The prevalence of all diabetes by record linkage was 2.19 (2.15 to 2.24)% unadjusted and 2.04 (2.00 to 2.09)% age adjusted. The capture-recapture method gave an unadjusted prevalence of 2.46 (2.44 to 2.49)% and age adjusted prevalence of 2.29 (2.24 to 2.33)%.
The age specific prevalence (calculated from capture-recapture results) for each gender is given in fig 1 (type 1) and fig 2 (type 2 diabetes). The 95% confidence intervals indicate that in type 2 diabetes the age specific prevalence is greater in males than females at all ages where numbers are sufficient for it to be assessed: at least from age 45 onwards. In type 1 diabetes a greater male prevalence is apparent after age 35, but not in childhood.
Effect of altered age structure of the population
The prevalence of type 1 and type 2 diabetes adjusted to the age distribution of the population of England and Wales in 1997, 1981 and 1962 is given in table 2. Thus changes in age structure accounted for a 5.2% increase in the prevalence of type 2 in males since 1981 but only a 1.2% increase in females. The corresponding figures comparing 1997 with 1962 are a 16.6% increase in males and 12.8% increase in females. The observed increases when our results are compared with previous surveys (table 3) are much greater than this.
Comparison of capture-recapture analysis and source linkage indicates that source linkage underestimates the prevalence of diabetes.
Comparisons with previous surveys indicates that the prevalence of diagnosed diabetes continues to increase.
These and other recent data show a greater preponderance of males and a greater proportion of patients treated by diet alone than in older surveys.
Type of diabetes and treatment
This was determined in 8877 patients, with 301 (3.3% of those who were identified) remaining unclassified. Of the 8877 patients, 26.5 (25.6 to 27.4)% were treated with insulin (14.8% had type 1 diabetes, 11.7% type 2 diabetes were treated with insulin), 44.8 (43.8 to 45.8)% had type 2 diabetes receiving oral agents and 28.6 (27.7 to 29.5)% were on diet alone.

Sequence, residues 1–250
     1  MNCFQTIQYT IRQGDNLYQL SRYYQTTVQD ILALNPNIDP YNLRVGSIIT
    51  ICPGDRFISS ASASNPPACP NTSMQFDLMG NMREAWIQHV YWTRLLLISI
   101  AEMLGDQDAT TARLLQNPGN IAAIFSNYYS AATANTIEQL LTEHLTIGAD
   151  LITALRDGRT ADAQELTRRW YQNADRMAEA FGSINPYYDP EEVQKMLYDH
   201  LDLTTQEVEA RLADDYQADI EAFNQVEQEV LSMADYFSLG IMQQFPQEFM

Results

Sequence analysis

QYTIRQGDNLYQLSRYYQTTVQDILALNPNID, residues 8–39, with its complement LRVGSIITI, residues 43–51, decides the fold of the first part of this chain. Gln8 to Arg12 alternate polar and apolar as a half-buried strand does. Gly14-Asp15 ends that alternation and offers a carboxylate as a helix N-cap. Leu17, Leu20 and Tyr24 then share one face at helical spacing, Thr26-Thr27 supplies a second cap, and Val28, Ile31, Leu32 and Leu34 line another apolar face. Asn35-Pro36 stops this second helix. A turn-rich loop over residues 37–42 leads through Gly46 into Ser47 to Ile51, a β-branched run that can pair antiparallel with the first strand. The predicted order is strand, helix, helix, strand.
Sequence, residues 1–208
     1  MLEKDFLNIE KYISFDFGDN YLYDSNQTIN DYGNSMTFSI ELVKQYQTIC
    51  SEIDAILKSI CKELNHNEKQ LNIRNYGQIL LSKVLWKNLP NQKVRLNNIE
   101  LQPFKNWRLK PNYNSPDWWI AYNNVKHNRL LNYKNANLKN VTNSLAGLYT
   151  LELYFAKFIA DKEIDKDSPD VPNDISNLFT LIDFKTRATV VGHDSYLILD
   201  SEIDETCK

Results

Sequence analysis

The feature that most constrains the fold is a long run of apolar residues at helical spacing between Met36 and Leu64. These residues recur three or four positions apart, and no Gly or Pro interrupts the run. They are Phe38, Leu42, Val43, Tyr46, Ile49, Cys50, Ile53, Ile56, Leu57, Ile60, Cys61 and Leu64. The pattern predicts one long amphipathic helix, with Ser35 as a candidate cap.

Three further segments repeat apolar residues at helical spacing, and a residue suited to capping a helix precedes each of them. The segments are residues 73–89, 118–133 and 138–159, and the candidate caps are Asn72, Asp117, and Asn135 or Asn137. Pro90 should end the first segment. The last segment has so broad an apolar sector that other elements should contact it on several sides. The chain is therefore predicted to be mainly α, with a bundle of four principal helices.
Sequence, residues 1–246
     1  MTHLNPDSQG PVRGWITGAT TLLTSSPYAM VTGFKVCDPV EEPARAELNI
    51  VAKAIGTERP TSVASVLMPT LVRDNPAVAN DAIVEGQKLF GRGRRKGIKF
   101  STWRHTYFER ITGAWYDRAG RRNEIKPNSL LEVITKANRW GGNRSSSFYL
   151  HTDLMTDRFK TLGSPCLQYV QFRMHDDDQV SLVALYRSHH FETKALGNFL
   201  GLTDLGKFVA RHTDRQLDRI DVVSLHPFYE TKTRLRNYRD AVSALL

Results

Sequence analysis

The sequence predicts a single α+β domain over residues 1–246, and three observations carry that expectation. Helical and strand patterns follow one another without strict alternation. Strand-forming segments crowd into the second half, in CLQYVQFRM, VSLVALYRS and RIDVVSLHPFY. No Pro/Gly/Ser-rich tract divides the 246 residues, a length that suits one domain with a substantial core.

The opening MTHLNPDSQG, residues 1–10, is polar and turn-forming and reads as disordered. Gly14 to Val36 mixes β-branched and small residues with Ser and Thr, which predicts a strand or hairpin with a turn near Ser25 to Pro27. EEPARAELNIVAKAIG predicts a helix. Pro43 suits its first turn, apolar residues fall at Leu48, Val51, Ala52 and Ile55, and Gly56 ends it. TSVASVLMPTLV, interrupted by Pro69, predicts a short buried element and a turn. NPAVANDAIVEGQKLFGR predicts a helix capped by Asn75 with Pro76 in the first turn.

In a survey of any size all data sources will be incomplete. Merging sources (linkage analysis) is, therefore, likely to produce an incomplete result no matter how many sources are used. The central problem is that the investigator has no idea exactly how incomplete. Capture-recapture analysis tackle this issue. The two source capture-recapture model assumes that (1) The two data sources (hospital and primary care) were achieved independently, (2) For a given source, any member of the population is equally likely to be identified (absence of sampling bias). As with the use of many statistical tests the assumptions are imperfectly met. A number of points can be made in support of the validity of the present analysis. Dependence of the sources can be estimated by comparing the data they provide. Here, 23% of hospital listed cases did not appear in the primary care source. The hospital PAS databases were the result of coding of hospital inpatient episodes (all specialties) over 10 years. Patients were admitted for many reasons other than their diabetes but were coded as having diabetes in addition. Some cases were first diagnosed in hospital. The hospital source identified 797 patients who were under sole GP care for their diabetes. The hospital source data reflect attendance at hospital for any reason and may therefore identify any member of the diabetic population. Thus, the hospital source data are not necessarily dependent on that patient being listed in the primary care source or being referred for hospital diabetes care. Dependence of sources can be positive or negative. Positive dependence, meaning an increased tendency for different sources to identify the same patients, is more likely here and would result in an underestimate of the total number of cases of diabetes in the target population.28